Executives are concerned with the challenge of fostering innovation within their organizations. They say they want to empower employees but often end up creating systems that inhibit employee ingenuity. They say they want to create strong research and development functions but often end up creating research silos. They say they want to be adaptable and agile but often end up becoming slow and bureaucratic. So, how can we design organizations that enable both innovation and rapid scaling of ideas? Through our organization design work, we’ve found three key design characteristics:
It’s often said that ‘innovation happens on the ground floor’, and we believe that this should be true. All employees should both do their work and think about better ways to do it. However, we often find organizations are designed in a way that actually inhibits localized innovation. First level employees and professional employees are usually the ones that have the most direct interaction with the external clients / customers. However, they rarely have the necessary authority to action new ideas or innovations, nor do they have convenient access to appropriate decision makers. There are two ways to look at this problem.
First, organizations should provide first level and professional employees with the necessary authority to take appropriate action on their own. This is often effective when the idea or innovation does not require additional resources and would not require a change in process that effects others. Think of this as more of a localized intervention to assist a client. A good example would be when a front-desk customer service representative at a hotel having the authority “think outside the box” to assist a guest in a unique way.
Second, organizations should clarify and align the authorities of middle management positions (e.g. senior managers and directors). If a customer facing employee thinks of a great idea, the manager should have the authority to appropriately implement that idea within their team(s). By clarifying authorities of middle managers, and providing the associated discretionary budget, a middle manager can quickly implement the idea within their team without having to go through additional approval channels.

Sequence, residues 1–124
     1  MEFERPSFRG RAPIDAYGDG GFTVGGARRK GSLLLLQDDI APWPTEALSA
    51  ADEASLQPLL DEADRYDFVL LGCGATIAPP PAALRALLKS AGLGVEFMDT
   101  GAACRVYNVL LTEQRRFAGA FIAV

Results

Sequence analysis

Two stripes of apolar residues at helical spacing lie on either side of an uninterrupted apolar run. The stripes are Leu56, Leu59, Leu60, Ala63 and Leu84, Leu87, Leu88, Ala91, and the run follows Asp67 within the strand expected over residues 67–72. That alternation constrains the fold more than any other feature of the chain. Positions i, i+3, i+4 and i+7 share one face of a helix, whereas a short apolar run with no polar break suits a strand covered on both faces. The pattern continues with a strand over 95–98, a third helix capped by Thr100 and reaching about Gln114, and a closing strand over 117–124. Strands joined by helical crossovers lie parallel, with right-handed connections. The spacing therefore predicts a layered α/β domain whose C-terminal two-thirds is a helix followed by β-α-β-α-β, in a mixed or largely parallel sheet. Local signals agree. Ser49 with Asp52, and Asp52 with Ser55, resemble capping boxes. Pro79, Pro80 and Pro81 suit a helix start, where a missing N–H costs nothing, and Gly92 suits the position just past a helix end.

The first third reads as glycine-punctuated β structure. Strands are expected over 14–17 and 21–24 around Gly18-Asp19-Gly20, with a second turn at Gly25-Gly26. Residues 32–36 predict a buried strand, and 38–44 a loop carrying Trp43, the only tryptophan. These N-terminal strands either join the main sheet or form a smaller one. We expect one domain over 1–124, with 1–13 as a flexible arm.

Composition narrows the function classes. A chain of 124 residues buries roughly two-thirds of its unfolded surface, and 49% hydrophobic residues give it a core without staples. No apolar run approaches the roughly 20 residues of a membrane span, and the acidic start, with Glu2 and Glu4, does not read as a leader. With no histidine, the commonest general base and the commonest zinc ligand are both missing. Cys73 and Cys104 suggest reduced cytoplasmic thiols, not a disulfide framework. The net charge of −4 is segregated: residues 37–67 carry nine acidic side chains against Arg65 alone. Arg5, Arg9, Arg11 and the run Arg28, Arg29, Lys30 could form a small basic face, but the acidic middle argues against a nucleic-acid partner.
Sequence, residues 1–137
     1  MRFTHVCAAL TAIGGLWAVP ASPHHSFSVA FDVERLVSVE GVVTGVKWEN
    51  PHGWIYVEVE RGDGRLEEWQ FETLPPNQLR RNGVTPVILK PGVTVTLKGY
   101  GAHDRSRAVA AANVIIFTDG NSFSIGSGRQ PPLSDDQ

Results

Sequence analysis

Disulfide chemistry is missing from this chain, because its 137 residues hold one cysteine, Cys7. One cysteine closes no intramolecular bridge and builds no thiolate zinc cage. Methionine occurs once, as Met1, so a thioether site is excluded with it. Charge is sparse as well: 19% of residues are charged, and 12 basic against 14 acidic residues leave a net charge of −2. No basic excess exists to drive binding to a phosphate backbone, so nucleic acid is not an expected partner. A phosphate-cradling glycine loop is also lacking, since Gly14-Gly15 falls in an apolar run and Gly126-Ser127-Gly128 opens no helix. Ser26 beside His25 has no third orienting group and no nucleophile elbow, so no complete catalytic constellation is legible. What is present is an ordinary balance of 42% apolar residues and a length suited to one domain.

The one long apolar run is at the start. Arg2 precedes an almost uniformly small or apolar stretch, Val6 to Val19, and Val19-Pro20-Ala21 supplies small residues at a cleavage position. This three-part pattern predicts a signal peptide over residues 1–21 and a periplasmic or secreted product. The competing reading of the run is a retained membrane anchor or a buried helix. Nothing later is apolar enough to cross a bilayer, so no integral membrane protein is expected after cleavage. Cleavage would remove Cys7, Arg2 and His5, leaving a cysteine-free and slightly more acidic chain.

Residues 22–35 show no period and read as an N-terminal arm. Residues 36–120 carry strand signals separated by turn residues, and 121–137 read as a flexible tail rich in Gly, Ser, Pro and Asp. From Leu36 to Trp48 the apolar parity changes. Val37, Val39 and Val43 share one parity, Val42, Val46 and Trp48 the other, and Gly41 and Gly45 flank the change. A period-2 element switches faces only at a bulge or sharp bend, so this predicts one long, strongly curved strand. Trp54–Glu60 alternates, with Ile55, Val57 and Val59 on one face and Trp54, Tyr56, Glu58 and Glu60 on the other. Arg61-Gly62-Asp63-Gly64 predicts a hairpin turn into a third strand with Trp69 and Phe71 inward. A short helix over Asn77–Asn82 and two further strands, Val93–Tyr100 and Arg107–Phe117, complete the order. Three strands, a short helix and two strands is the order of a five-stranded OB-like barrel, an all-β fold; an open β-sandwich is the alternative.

The vast majority of organizations have some form of centralized research / development hub. These departments might be referred to as R&D, Product Development, Service Development, Innovation, etc. What all these departments have in common is that they’re accountable for new development (commonly in the form of new products and services and / or product service enhancement). These departments are designed around the premise that if you centralize enough knowledge and expertise, new products and services can be developed more effectively and efficiently. While there is some truth to this premise, we find several issues. The first is that the complexity of work is not really understood, and the positions are established at too low a level. The second is that the key individuals often do not have the higher level capability necessary for success. Failures can often be predicted in advance (and prevented) by focusing on these two points. Further, we often find is that these departments are missing critical cross functional accountabilities and authorities that are necessary in turning their new ideas into reality, which brings us to our next point…
One of the most challenging, and most, common stumbling blocks of innovation is the ability to bring new ideas to scale. A Research & Development department might have a strong research presence with strong technical expertise, but does not have the required cross functional accountabilities and authorities to bring an idea to scale across the organization. These could include advising, coordinating, monitoring, stopping and prescribing. This is a broader range of tools than matrix organizations typically provide, and the accountabilities should carry real authorities. Another weakness to scaling efforts is the failure have a clear cross over point manager. The cross over point manager is the lowest level manager who is accountable for most or all of the resources necessary to accomplish work. The cross over point manager would set the context and prescribed limits for the entire project and make critical final decisions as part of an issue resolution and context clarification process. The problem is that the cross over point manager is seldom identified and seldom does his or her work. This results in issues related to the speed and quality of the implementation, as well as less satisfaction for the participants as they are “spinning their wheels”.
In summary, if executives use these ideas for designing their organizations in such a way that enables locally, focuses centrally, and scales effectively, they will be better able to enhance innovation and achieve the resulting benefits.
If you’re interested in discussing how to design innovative organizations please contact us directly.